By Ron Miller
Media industry professionals, academics and intellectual property experts are gathering in New York City this week for Digital Rights Management (DRM) Strategies 2004, a conference focusing on the legal, technical and social implications of DRM.
The three-day event, produced by Jupitermedia
(the parent of this Web site), is being held at the Crowne Plaza Times Square.
It focuses on five main themes: DRM overview; DRM markets; legal issues; the economics of DRM (who is going to pay for it); and cutting edge DRM technology.
Conference chair Bill Rosenblatt, president of GiantSteps Media Technology Strategies and managing editor of DRMWatch.com, thinks DRM is poised to gain mainstream acceptance because of issues of piracy and a desire to control content online.
“If you want to be innovative around what the Internet can do for content distribution — and it can do a lot compared to traditional media because it’s so flexible, cheap and instantaneous — then you need to include DRM,” Rosenblatt said. “Without it, you lose control and everyone can get at your content for free.”
The conference is aimed at digital product developers, corporate technical security workers (particularly in financial services and healthcare), intellectual property attorneys and IT and strategy executives from the media world.
It features a mix of speeches, workshops and panel discussions from the DRM luminaries led by keynote speakers, Michael Miron, co-chair of the Board of Directors and CEO at DRM company ContentGuard, and Jupiter Research analysts Peter Sargent and Todd Chanko.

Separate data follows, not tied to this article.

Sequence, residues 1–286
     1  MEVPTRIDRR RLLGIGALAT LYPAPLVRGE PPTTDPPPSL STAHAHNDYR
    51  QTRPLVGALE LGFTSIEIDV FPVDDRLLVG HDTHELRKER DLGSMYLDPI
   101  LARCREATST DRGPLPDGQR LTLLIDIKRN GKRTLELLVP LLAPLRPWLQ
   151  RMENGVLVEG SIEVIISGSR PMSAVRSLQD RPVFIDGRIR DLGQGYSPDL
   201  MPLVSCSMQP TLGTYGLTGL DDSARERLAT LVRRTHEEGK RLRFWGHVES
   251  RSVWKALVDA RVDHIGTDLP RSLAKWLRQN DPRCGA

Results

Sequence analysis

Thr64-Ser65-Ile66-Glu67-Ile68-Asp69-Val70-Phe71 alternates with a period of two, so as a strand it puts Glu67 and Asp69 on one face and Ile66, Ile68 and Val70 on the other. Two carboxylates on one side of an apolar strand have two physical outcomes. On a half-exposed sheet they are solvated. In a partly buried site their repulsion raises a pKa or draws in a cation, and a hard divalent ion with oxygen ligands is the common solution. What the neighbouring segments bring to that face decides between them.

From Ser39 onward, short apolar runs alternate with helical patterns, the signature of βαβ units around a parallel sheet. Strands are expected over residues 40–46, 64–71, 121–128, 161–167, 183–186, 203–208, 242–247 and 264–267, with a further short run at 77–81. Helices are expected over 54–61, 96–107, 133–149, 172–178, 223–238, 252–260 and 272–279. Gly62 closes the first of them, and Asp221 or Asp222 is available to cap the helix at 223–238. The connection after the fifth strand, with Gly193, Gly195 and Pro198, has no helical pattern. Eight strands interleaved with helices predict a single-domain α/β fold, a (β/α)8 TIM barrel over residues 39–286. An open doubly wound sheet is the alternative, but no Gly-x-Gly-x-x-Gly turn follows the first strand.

Panel discussion participants include Shira Perlmutter, vice president and associate general counsel for Intellectual Property Policy at Time Warner. In her previous job at the U.S. Copyright Office, Perlmutter advised Congress during the drafting of the controvertial Digital Millennium Copyright Act.
She will be joined on the Digital Copyright debate panel by Robert Kasunic, principal legal advisor, U.S. Copyright Office and Siva Vaidhyanathan, director of communications studies at NYU and author of “The Anarchist in the Library.”
Rosenblatt said Vaidhyanathan is a critic of big media’s use of copyright law.
“This is going to be fireworks,” Rosenblatt said. “These people are not likely to break down into a shouting match because they are reasonable people, but they are also impassioned and very articulate.”
Rosenblatt is leading a comprehensive overview of the conference on Monday as part of the pre-conference activities.
“The workshop is really for people who are new to DRM to give them an overview of the field, but it would also be beneficial for people who know something about it, but want to understand the entire show’s content. Part of the program is to
talk about the conference agenda and put it in some context,” Rosenblatt said.
On Tuesday and Wednesday, the conference is organized by topic with part
of each day organized to look into a different aspect of DRM in greater